1 July 2009 Ultrasensitive protein detection in blood serum using gold nanoparticle probes by single molecule spectroscopy
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J. of Biomedical Optics, 14(4), 040501 (2009). doi:10.1117/1.3183789
Abstract
A one-step rapid and ultrasensitive immunoassay capable of detecting proteins in blood serum is developed using gold nanoprobes and fluorescence correlation spectroscopy (FCS). In this approach we take advantage of the inherent photoluminescence property of gold nanoparticles (GNPs) to develop a fluorophore-free assay to observe binding entities by monitoring the diffusion of bound versus unbound molecules in a limited confocal volume. 40-nm GNPs conjugated separately with rabbit anti-IgG (Fc) and goat anti-IgG (Fab) when incubated in blood serum containing IgG forms a sandwich structure constituting dimers and oligomers that can be differentiated by to detect IgG in blood serum at a limit of detection (LOD) of 5 pg/ml. The novelty of integrating GNPs with FCS to develop a sensitive blood immunoassay brings single molecule methods one step closer to the clinic.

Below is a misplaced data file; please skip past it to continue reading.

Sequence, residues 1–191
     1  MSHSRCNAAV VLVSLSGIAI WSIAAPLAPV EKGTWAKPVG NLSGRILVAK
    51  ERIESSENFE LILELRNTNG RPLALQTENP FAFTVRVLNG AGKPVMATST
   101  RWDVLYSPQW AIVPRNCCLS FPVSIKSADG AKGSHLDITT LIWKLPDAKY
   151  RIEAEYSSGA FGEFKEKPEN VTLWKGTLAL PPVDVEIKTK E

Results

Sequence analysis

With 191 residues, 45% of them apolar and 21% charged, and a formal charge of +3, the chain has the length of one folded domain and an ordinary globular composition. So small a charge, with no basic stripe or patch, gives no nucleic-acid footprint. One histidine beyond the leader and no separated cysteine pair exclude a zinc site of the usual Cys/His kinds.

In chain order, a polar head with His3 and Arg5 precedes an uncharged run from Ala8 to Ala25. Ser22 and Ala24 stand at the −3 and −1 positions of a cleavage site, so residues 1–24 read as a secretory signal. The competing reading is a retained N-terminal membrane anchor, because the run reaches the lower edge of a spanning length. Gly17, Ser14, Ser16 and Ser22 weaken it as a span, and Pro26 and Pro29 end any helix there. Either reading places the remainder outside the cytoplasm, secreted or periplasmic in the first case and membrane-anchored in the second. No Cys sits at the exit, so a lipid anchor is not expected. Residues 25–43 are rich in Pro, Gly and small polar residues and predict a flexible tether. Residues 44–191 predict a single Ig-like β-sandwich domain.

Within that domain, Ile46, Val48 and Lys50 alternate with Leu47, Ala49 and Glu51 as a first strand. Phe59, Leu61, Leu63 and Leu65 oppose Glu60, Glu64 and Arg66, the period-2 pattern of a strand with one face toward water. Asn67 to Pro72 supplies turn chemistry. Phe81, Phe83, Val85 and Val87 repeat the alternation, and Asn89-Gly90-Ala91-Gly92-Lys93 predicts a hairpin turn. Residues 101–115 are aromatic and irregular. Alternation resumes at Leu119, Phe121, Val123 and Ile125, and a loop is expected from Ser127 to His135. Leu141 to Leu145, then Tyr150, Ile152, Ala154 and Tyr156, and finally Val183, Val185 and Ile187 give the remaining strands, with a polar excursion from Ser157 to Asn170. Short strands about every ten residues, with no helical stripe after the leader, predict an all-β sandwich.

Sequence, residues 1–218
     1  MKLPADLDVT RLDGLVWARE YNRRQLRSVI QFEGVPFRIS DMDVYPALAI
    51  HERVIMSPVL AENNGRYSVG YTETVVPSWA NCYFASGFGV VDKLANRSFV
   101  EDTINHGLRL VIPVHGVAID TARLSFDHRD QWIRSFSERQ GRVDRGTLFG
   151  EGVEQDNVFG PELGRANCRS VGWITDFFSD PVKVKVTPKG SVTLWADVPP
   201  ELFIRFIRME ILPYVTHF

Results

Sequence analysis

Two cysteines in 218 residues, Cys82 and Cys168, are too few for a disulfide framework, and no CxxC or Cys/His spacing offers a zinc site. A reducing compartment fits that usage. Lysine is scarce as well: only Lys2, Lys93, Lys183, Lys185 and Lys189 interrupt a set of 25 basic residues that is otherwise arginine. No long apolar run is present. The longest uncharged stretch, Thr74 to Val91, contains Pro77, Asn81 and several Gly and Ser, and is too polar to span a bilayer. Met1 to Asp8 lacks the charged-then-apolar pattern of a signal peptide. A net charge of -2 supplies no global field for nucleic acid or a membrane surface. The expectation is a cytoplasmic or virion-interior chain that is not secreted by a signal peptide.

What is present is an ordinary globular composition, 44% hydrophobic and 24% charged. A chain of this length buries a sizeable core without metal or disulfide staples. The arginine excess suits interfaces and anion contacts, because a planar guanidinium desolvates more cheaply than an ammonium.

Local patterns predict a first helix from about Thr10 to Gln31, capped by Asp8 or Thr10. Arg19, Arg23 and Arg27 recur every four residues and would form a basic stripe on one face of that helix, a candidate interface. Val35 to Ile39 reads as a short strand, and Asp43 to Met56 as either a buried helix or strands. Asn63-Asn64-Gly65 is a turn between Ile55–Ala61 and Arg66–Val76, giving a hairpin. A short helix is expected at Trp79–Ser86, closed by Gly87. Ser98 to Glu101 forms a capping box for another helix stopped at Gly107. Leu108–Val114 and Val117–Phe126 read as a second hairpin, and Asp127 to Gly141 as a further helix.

Jiji Chen, Chungang Wang, Joseph M. Irudayaraj, "Ultrasensitive protein detection in blood serum using gold nanoparticle probes by single molecule spectroscopy," Journal of Biomedical Optics 14(4), 040501 (1 July 2009). http://dx.doi.org/10.1117/1.3183789
Submission: Received ; Accepted
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KEYWORDS
Diffusion

Blood

Fluorescence correlation spectroscopy

Gold

Nanoparticles

Proteins

Molecules

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